Finn the Cooking Assistant will return in a few weeks.
From the Book: Just the Basics
This past week I read An Everlasting Meal by Tamar Adler and American Grown: The Story of the White House Kitchen Garden and Gardens Across America by Michelle Obama. I was on waiting lists for both of these books from the library and they both came in last week. Both of these books bring me back to the basics--Adler with her basic-cooking writing pieces and Obama with putting in her first kitchen garden.
An Everlasting Meal is a great book for a beginning cook or home cooks who use recipes for everything they make. These writing pieces aren't exactly essays and they aren't stories or memoir, either. Sometimes I felt bogged down with mundane kitchen observations. How do you even classify a book like this? Food? Anyway, the gem in this book is the cool fixes in the back (why save the best for last?) Even seasoned cooks want secrets for over cooked beans, over salted rice, over salted pasta, mushy vegetables, etc. I could buy the book for these hints alone. Otherwise, I liked the piece about how to boil water the best for its humor and sparkle.
American Grown by Michelle Obama was a long wait and well worth it. This is a beautiful book with photos and recipes in the back. Corn Soup with Summer Vegetables, Roasted Sweet Potatoes with Apples and Chiles, and White Chocolate-Cherry-Carrot cookies are just a few. I loved reading about the history of gardens at the White House, and the profiles of farmers and community gardens across the country. The sweetest surprise was the profile of Picardo P-Patch in Seattle. Community garden spaces really do bring the community together. I liked this book enough to buy my own copy. My Cooking Assistant will appreciate the recipes I make from this book!
Fall and soup stock
Lots of people say winter squash or apples are the turning point for fall, but Saturday when I found celery from Nash's farm, I knew fall had arrived. It's soup time. Oh sure, you might think with all the soups I made last year, I'm over soup, but as soon as the cool weather hits, I get weak and want soup all over again.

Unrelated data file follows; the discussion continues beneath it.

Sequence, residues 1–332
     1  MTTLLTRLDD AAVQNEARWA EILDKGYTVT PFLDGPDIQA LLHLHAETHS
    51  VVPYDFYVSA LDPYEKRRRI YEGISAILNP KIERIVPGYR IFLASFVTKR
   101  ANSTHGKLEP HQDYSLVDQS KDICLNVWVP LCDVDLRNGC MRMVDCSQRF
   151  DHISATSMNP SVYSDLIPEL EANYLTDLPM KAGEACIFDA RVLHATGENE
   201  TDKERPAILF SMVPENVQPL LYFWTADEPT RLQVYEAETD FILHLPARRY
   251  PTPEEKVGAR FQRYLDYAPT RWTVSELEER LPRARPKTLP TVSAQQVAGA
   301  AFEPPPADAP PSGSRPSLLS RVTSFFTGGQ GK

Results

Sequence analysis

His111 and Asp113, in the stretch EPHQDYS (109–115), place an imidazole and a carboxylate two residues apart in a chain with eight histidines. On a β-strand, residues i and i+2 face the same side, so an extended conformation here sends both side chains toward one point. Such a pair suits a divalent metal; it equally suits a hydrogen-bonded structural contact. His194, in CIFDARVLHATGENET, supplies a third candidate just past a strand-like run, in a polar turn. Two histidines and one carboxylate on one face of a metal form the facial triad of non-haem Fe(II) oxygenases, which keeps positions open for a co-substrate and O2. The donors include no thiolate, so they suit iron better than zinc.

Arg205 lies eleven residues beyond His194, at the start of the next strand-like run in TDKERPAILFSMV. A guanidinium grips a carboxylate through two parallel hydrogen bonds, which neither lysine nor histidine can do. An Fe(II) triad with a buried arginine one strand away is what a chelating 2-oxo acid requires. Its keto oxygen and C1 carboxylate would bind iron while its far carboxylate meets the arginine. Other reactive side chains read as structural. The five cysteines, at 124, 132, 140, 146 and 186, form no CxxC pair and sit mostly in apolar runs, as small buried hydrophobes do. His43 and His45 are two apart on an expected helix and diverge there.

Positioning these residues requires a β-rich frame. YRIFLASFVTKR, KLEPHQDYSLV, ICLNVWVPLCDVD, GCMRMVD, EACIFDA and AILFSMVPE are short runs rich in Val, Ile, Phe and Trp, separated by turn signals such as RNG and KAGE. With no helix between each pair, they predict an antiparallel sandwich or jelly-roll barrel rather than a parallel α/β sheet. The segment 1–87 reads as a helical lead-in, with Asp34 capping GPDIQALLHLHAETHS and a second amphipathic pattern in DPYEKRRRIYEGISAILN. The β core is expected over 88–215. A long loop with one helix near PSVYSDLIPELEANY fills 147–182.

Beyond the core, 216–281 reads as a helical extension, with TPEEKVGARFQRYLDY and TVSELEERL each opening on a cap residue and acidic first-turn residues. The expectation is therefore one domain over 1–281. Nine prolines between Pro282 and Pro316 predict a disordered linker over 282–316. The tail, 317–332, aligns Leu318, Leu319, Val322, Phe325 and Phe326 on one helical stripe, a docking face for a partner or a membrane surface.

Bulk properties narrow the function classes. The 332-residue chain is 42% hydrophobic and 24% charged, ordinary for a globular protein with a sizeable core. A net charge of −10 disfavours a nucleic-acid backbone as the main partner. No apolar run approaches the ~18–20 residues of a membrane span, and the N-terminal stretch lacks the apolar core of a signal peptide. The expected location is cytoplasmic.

True confession: even though it's easy to make, I don't always make a soup stock. Sometimes I'm in a hurry and I cheat and add the usual stock veggies to the soup base, but I never buy that prepackaged stuff. It's a lot of money for flavored water.
Now I'm back to relying on stock for my soups.
Kombu, celery garlic, carrots and water are the building blocks for stock. Kombu brings out the flavors and adds nutrients and it also adds iodine, but shockingly some sources say you shouldn't eat kombu or kelp every day because you get crazy high levels of iodine with kombu and apparently though a little iodine is good, it's not good to overdue iodine levels for thyroid health.
My favorite soup stock recipe comes from The Northwest Vegetarian Cookbook. Seriously, I've really looked at other recipes and I always come back to my own recipe. Lately, I've been adding less kombu and more water to the mix. When I'm in a big hurry, I use a bit of miso, this kind is amazing. If you want to save stock, one thing you don't want to do is freeze it in glass because the glass may break when the stock freezes. I just use it as I make it.
Here's the recipe, but feel free to add bits of vegetables like zucchini, green beans, corn, or sweet potato peels if you want:
Vegetarian Soup Stock
(Makes 8 cups)
12 cups cold water
1 4-inch piece of kombu
3 to 4 stalks celery, cut into 1-inch pieces
2 carrots, cut into 1-inch pieces
1 large yellow onion (optional)
5 cloves garlic, peeled and sliced
Handful of dried shiitake mushrooms or 4 fresh shiitake sliced
Handful of fresh parsley
1/4 cup lentils
1/2 teaspoon dried thyme
1 teaspoon dried oregano
1 tablespoon dried basil
1/2 teaspoon freshly ground pepper
1 teaspoon sea salt
Combine all ingredients in a saucepan. Bring to a boil, then reduce heat and simmer, partially covered for 30 minutes. Remove from heat, strain and refrigerate or use for soup immediately.
While it cooks get out the vegetables for the soup. Peruse recipes--everybody has favorites and one of mine is tortilla soup, and if I'm not making that, I'll simply add avocado as a garnish.